The vast majority of the Arctic National Wildlife Refuge’s 19 million acres is pristine landscape. But if you visit the refuge’s Marsh Creek area, you'll notice long scars that stretch into the horizon—bare ground where plants like labrador tea and cranberry have trouble surviving. These aren’t wildlife trails left by migrating caribou or the muddy remains left behind by feeding ducks. Rather, upon closer inspection, you’ll notice that these are tire marks.
This 1,250-mile trail is the result of seismic exploration from 1984–85, when the U.S. Congress sent trucks, drills, and vibrators to the wildlife refuge to determine whether there was oil hidden beneath it. By sending sound waves into the ground and analyzing how they were reflected back, researchers could visualize the earth below the surface. However, this involved large vehicles driving all over the Arctic Refuge.
“The damage from that seismic activity is still visible today,” says Kristen Miller, interim executive director of the environmental nonprofit Alaska Wilderness League. “You can still see the [truck] tracks. This is a very invasive technology, especially in such a fragile area.”
The same kind of damage might occur again, according to documents obtained by the Washington Post this month. Over the summer, the federal government asked the U.S. Fish and Wildlife Service to open up the Arctic Refuge for a new seismic study. The U.S. Fish and Wildlife Service has until this Saturday to respond.
In the documents, the U.S. Department of the Interior requests that Alaska’s regional U.S. Fish and Wildlife Service director reverse a 30-year-old regulation that protected the Arctic Refuge from oil exploration. The regulation has prevented oil companies from disturbing this vital habitat for many plants and animals, including birds such as the Red-necked Phalarope and the American Golden-Plover.
The request is the first step in a renewed effort by the Trump administration to tap into Arctic Refuge land for oil, a push that oil industries have pursued for many decades. This fall, with a president and Congressional majorities in power focused on expanding oil and gas development on public lands, they may have their chance. In the spring, President Trump’s proposed budget included $1.8 billion in projected revenues from drilling in the refuge. The U.S. House then included language in its budget that would open the door to drilling. (Update, Oct. 5: The House budget, passed today, would allow drilling in the Arctic Refuge.) The Senate is currently writing its own budget, and early signs point to including language on Arctic Refuge drilling to match the president.
Drilling for oil in the refuge would be massively destructive to the habitat. But even a surface seismic study, this first step requested by the government, can easily disturb the fragile ecosystem, a fact evident from the tire marks remaining from more than three decades ago. Worse, the Trump administration is looking to use 3-D seismic analysis rather than 2-D, as in the mid-1980s study. This new technology also poses new dangers.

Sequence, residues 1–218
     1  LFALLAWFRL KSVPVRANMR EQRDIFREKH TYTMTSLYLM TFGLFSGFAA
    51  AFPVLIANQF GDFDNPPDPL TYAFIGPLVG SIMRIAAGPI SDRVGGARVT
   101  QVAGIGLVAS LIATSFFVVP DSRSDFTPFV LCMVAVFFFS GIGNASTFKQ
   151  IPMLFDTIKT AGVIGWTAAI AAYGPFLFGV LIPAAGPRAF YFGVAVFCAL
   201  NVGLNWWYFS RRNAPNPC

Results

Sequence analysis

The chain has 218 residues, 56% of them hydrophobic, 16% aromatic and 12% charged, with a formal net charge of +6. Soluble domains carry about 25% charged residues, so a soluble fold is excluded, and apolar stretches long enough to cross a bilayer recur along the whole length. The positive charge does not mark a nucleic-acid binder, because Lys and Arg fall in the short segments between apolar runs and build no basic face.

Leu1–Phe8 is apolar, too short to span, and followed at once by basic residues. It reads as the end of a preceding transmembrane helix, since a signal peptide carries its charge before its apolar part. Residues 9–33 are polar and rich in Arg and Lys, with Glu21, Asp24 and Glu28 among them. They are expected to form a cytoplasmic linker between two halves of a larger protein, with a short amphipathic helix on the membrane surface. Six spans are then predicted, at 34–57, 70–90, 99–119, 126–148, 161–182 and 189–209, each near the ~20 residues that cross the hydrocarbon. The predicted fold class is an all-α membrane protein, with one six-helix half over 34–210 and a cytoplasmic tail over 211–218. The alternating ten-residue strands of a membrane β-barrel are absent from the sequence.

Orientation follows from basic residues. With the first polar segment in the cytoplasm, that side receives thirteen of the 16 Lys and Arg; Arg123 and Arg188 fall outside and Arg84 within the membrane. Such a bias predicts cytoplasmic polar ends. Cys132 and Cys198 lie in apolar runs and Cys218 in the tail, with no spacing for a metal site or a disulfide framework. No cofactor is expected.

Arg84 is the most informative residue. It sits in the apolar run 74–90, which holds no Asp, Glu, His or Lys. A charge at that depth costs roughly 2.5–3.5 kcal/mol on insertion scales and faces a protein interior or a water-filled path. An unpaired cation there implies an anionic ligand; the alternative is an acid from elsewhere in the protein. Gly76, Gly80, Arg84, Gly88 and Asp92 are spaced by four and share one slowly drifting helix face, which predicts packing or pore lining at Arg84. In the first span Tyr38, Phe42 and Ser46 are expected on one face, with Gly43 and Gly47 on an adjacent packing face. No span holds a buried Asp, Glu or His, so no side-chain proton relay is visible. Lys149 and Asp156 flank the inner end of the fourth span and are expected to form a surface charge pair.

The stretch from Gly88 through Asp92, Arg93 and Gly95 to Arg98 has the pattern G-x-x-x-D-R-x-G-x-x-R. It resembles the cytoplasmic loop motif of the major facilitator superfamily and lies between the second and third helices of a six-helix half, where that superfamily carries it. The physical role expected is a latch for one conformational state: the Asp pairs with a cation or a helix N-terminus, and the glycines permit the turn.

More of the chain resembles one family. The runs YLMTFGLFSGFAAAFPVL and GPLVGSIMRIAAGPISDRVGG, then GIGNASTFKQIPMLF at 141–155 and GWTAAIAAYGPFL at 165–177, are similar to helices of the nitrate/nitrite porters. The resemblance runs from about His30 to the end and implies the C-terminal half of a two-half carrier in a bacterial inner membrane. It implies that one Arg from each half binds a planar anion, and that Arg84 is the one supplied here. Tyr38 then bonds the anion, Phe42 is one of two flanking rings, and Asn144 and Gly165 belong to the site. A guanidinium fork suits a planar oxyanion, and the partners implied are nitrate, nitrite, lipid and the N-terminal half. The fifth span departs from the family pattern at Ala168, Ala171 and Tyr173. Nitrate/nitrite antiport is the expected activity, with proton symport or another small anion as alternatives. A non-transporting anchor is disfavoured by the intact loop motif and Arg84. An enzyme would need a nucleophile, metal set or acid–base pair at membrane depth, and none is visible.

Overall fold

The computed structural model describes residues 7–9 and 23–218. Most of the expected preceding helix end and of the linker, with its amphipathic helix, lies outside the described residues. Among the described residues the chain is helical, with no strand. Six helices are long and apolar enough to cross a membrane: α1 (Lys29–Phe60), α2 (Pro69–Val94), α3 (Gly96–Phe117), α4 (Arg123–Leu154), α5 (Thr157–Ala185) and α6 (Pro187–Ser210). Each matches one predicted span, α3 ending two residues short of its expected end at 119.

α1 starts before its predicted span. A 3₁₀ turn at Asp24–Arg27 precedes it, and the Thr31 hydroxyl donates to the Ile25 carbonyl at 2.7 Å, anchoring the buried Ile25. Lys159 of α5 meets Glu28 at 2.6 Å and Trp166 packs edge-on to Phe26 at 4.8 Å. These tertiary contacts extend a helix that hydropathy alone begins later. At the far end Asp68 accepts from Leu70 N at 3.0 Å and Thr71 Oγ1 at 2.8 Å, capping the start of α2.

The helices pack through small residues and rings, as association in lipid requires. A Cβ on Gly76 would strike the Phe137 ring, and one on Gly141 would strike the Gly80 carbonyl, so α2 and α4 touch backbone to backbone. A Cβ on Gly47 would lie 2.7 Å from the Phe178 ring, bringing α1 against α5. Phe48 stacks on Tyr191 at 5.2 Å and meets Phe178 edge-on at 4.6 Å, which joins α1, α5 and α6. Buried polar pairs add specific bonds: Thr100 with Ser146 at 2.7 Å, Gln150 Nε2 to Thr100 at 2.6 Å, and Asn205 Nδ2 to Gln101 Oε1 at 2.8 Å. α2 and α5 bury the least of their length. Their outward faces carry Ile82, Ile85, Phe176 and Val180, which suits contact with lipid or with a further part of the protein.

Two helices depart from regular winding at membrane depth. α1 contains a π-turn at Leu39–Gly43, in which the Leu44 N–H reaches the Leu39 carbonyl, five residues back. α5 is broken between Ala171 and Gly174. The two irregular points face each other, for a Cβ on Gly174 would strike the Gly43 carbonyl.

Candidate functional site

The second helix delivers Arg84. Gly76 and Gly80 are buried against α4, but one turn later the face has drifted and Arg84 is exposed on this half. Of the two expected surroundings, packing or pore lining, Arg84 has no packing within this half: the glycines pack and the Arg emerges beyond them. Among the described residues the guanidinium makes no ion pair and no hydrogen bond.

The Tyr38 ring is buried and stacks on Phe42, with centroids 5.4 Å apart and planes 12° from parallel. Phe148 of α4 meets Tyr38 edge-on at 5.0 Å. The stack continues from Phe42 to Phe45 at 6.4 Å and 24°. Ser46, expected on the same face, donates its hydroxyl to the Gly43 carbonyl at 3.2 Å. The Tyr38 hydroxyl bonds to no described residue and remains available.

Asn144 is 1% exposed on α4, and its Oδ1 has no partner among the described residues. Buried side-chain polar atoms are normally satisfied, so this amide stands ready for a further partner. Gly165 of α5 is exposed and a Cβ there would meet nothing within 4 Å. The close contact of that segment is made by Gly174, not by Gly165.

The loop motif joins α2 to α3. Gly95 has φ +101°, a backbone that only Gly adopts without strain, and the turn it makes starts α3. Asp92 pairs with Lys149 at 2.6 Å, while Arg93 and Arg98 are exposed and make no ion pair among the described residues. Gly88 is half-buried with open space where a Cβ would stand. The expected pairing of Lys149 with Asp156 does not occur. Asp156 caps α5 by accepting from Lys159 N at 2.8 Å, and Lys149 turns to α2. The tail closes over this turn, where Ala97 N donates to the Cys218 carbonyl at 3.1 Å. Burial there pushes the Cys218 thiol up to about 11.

“The 3-D technology is even more invasive because the trucks are bigger and they would have to move back and forth across the entire proposed wilderness area,” Miller says. “The wildlife refuge [is] home to a lot of species that are particularly sensitive to this type of activity.” This puts area wildlife, including birds like the Arctic Tern and the Northern Pintail and migratory animals that live on the 1.5-million-acre coastal plain, at risk. Birds from all 50 U.S. states raise young in northern Alaska's coastal plain ecosystem alongside species from all over the globe.
In addition to birds, the Arctic Refuge is an essential area for animals like porcupine caribou, which migrate to the area to give birth. Caribou is a food source and culturally important animal to Alaskan indigenous groups, namely the Gwich’in people, who have hunted caribou in the region for thousands of years.
On the campaign trail, President Donald Trump promised to boost domestic oil production to increase job opportunities—which helps explain his aggressive push to open the Arctic Refuge to drilling. However, James Hamilton, an energy economist at the University of California, San Diego, says that although it might create an initial boost in jobs, most won’t be permanent.
At first, there may be jobs created while developing the infrastructure, pipeline, and supporting services, he says. But those will last only several years, not indefinitely. “The direct jobs in oil production itself are not that numerous,” he says. “You're not talking about a big impact.”
Additionally, the economy isn’t exactly demanding more oil. Oil prices are low, and there is a strong supply of oil on the market, Hamilton says. “I don’t think there’s a press right now, given the current oil market, to try to develop more U.S. sources of supply in particular.”
Birders and conservationists are hoping Saturday’s decision will not allow the seismic tests to proceed. However, because so much of this request has not been transparent—the public wouldn't know about the seismic testing if not for the Washington Post report, for instance—it is unclear what the outcome will be and whether environmental and tribal concerns will be taken into account.
“It’s definitely a very troubling effort that’s going on in the Department of Interior,” Miller says. “Very little information is coming out to the American people who care a lot about this issue.”